JONESBORO — The Clayton County District Attorney is running for re-election on her record while her challenger vows to pursue fair and balanced prosecutions if elected.
Tracy Graham Lawson was elected in 2008 and has spent nearly 30 years serving Clayton County as either a prosecutor or a Juvenile Court judge. Her opponent, Leslie Miller Terry, is a Philadelphia native who was elected Clayton County State Court Solicitor General in 2004. She lost a bid for re-election in 2008. Terry has worked as a defense attorney and as an assistant prosecutor in Fulton and DeKalb counties.
Lawson said she is proud of the work her staff has done in the past three and a half years.
"I have accomplished every goal I set when I ran for office in 2008 and then some," said Lawson. "We've eliminated the backlog of cases, we've reduced the average age of cases by getting inmates into court in an average of five and a half months. We've been the voice of victims. We've given deserving first offenders a second chance and we've tried to educate the youth by working in the schools and making videos."
Lawson said her office has saved taxpayers more than $2 million by getting cases into court as quickly as possible. The backlog of cases has been reduced by 34 percent since 2009, she said. Her office is preparing a third video aimed at students, this one focusing on anti-bullying.
Lawson said she is seeking a second term because there is more work to be done.
"I want to continue to make a positive change in the district attorney's office," she said. "I want to continue to have effective case management and focus on the aggressive violent offenders who hurt our citizens."
In collaboration with Clayton State Court Solicitor General Tasha Mosley and law enforcement, Lawson's office is working to reduce domestic violence incidents through treatment of offenders and victims, and educating the public, she said.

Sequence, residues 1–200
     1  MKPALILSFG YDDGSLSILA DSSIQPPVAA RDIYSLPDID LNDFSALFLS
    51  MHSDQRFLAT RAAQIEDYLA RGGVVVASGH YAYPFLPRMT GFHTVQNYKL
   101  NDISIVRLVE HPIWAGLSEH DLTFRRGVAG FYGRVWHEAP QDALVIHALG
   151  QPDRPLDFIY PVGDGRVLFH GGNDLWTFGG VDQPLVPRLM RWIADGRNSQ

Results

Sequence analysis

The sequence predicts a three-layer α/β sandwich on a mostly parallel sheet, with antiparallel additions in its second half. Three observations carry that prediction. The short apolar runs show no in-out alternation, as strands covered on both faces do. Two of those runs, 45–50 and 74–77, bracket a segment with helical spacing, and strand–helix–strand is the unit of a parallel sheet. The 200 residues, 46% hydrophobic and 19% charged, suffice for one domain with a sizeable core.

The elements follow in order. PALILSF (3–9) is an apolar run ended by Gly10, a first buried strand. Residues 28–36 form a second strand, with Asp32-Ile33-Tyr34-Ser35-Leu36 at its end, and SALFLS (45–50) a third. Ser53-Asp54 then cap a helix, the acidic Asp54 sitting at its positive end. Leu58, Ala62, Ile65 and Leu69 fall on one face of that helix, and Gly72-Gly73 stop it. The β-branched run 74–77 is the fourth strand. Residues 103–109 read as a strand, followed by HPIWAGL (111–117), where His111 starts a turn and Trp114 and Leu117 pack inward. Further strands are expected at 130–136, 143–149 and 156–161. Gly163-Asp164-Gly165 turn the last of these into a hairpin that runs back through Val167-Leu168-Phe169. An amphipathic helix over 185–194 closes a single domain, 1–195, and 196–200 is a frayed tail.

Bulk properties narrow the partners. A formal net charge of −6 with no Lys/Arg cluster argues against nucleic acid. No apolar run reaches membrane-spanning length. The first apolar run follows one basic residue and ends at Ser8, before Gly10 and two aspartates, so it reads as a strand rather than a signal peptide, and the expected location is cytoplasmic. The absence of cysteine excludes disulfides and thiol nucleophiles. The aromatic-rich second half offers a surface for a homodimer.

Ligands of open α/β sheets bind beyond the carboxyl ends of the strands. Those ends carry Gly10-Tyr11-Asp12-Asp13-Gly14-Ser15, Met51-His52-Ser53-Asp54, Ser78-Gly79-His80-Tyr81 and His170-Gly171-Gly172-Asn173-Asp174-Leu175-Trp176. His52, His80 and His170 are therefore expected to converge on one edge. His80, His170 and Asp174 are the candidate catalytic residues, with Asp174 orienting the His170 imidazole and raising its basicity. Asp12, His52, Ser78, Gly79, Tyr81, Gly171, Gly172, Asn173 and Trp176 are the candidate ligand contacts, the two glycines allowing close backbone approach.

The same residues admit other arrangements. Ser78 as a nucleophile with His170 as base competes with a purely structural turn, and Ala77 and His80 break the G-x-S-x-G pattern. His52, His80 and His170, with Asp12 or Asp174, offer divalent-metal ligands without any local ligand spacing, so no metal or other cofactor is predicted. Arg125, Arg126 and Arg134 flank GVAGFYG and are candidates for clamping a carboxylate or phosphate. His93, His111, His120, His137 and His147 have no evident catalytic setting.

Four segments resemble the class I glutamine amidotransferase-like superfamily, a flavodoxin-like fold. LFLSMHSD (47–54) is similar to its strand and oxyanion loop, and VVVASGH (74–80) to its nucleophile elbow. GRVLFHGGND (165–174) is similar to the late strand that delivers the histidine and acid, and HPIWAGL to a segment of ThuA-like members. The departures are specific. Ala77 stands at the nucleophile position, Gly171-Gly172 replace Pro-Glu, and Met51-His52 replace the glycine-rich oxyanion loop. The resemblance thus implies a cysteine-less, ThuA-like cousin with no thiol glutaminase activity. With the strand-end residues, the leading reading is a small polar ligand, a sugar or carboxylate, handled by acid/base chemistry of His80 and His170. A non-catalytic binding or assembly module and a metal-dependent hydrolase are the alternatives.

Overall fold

Her office has already applied for a grant to start a cold case squad in conjunction with Clayton State University. Lawson said there are about 50 unsolved murders in Clayton.
"We want to bring closure for those victims' families," she said.
Lawson made headlines when she began convening special grand juries to investigate public officials. Her office has indicted former Sheriff Victor Hill and several of his former employees; a former manager at the Clayton County Water Authority; former Morrow City Manager John Lampl and former Forest Park City Councilwoman Karen-Brandee Williams.
"I will continue to hold public officials accountable for misdeeds and or crimes," said Lawson. "I do not think it's fair to charge an 18-year-old with theft and not prosecute the person who raises his right hand to swear an oath of office who goes on to commit theft."
Lawson said she looks to God for strength and an Irish philosopher for inspiration.
"I am relying on God's will in my life," she said. "He has blessed me with the attributes for this profession that allows me to be successful. I also love the Edmund Burke quote, 'All that is necessary for the triumph of evil is that good men do nothing.' That's kinda how I feel."
Terry is hoping to get elected by vowing to be fair and balanced.
"It's all about the people," she said. "It's always been about the people for me. I'm not a politician. I believe in fair prosecution. I would be a straight-up DA."